A New Zealand Stylist Shares Her $100 Nursery Room DIY
Two words: indoor fort.
Updated Oct 11, 2018 6:04 PM
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The 1960s-era home in Hamilton, New Zealand, had lost its luster by the time interior stylist Erena Te Paa and her husband purchased it in 2016. “It was quite run-down,” Te Paa recalls. But the project provided her with several exciting design opportunities, including the chance to customize a pair of bedrooms for her sons Costa, age 4, and Sol, 2.
When she started decorating the boys’ rooms, Te Paa didn’t have to look far for inspiration—she let the style in the “grown-up” parts of the home be her guide. In the living room, for example, Te Paa had successfully used a selection of her favorite pastels and earthy neutrals to offset the room’s rich, wood-paneled ceiling. Since this paneling extends into Costa’s room, decorating his space using a similar palette was a no-brainer. To keep the neutral hues from feeling too mature (or worse, dull), Te Paa added funky, postmodern details and kid-friendly DIYs.
While the kids’ bedrooms mirror other parts of the home stylistically, Te Paa was able to find ways to tailor them to each of her son’s needs, fostering a sense of creativity and imagination. Here, she shares how she brought three unique projects to life.
The Perfect Indoor Fort
Some days it seems like all Costa wants to do is play outside in his fort. The weather does not always cooperate, however, so Te Paa recast a nook in his room as an indoor fort with the help of her handy father-in-law, Charles. The piece they created together is made of corrugated timber (a nod to the room’s wood-paneled ceiling) and has hinges that allow it to lay flat behind the play kitchen when not in use. Charles even added a charming circular window to make it feel extra-homey. All in, the supplies cost only $100, and now Costa has a fun place to play no matter the season. “He’s a shop owner selling pizzas out of the window one day, and the next it’s a secret hideout,” Te Paa says, laughing. “It’s a cool addition.”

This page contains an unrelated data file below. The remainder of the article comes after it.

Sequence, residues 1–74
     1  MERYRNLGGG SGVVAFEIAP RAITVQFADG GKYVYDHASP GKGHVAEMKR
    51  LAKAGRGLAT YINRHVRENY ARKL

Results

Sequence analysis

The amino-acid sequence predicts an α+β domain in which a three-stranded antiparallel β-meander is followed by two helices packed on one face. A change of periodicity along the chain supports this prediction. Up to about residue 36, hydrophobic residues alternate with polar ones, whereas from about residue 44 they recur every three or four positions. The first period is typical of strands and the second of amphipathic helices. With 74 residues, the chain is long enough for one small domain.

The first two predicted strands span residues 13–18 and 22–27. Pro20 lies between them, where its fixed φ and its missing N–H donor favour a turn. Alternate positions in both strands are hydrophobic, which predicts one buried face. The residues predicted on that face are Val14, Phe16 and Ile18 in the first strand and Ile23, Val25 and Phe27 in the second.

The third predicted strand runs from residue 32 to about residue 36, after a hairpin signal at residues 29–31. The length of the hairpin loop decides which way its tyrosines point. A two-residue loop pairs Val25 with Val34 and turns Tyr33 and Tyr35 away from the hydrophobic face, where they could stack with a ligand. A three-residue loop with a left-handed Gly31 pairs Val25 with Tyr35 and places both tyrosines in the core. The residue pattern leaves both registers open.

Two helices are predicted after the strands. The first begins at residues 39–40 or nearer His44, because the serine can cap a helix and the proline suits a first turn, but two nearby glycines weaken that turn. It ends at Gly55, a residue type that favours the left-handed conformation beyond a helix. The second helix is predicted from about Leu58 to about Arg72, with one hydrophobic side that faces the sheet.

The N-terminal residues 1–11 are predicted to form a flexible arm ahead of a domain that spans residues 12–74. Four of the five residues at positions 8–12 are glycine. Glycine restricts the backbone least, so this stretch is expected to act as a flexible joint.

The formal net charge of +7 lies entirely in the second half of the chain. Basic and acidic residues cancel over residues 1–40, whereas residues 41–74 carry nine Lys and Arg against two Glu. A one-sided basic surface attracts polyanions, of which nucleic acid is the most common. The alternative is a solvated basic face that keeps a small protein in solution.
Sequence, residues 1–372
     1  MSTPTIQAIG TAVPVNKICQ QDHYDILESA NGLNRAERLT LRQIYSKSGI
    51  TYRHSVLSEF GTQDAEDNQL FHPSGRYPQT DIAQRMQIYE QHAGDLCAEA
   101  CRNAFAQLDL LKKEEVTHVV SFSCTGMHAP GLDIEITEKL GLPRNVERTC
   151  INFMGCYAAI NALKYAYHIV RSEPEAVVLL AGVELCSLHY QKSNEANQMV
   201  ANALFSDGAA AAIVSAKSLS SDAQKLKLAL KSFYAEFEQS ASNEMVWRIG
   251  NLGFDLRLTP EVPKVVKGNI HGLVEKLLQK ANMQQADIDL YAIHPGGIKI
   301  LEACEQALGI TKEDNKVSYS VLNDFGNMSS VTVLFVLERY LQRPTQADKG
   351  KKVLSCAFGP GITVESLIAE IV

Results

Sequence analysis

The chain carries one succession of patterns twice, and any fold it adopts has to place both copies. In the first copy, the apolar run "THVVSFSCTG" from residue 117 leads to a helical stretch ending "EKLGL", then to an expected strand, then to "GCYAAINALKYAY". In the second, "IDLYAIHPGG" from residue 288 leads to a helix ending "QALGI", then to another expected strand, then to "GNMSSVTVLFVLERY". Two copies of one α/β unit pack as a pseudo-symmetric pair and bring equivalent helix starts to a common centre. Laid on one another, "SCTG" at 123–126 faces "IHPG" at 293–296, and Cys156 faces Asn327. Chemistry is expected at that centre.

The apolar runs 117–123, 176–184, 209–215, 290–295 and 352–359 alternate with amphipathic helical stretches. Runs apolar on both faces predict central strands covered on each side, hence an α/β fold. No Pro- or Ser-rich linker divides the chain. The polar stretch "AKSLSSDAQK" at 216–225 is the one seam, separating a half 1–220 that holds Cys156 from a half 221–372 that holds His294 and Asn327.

Custom Coloring-Book Wallpaper
The wallpaper in Costa’s room nods to the kiddo’s love of shapes. To achieve the look, Te Paa commissioned Etsy artist Faye Johnson to scale up one of her geometric pieces to fit the bedroom’s main wall. Te Paa then sent the digital file to Your Decal Shop, which printed it on wallpaper for $300. She didn’t simply hang it upon arrival, though. For the final step, she used the wallpaper like a coloring book, painting over a selection of shapes so that they matched the home’s overall color scheme.
The Quietest Nursery-Slash-Office
Part of the property is still being renovated, so Sol is hunkering down in Te Paa’s home office until he can move into his own room. In order for the space to accommodate both parties, Te Paa had to design something that would allow her to keep working through her son’s afternoon naps. The solution? A wall-to-wall blackout curtain that, when closed, prevents light from reaching his crib while he sleeps.
The roof in the makeshift nursery is pitched, so Te Paa’s husband and father-in-law kicked off the project by adding a valance to the section of the ceiling near Sol’s crib. Te Paa then plastered, sanded, and painted the new part of the ceiling to match the rest of the room. She finished the project by topping the blackout curtain with a sheer outer liner, a move that softens the heaviness of the installation. “If I am working and Sol is sleeping, the curtain provides us both privacy,” explains Te Paa. “It’s a win-win.”
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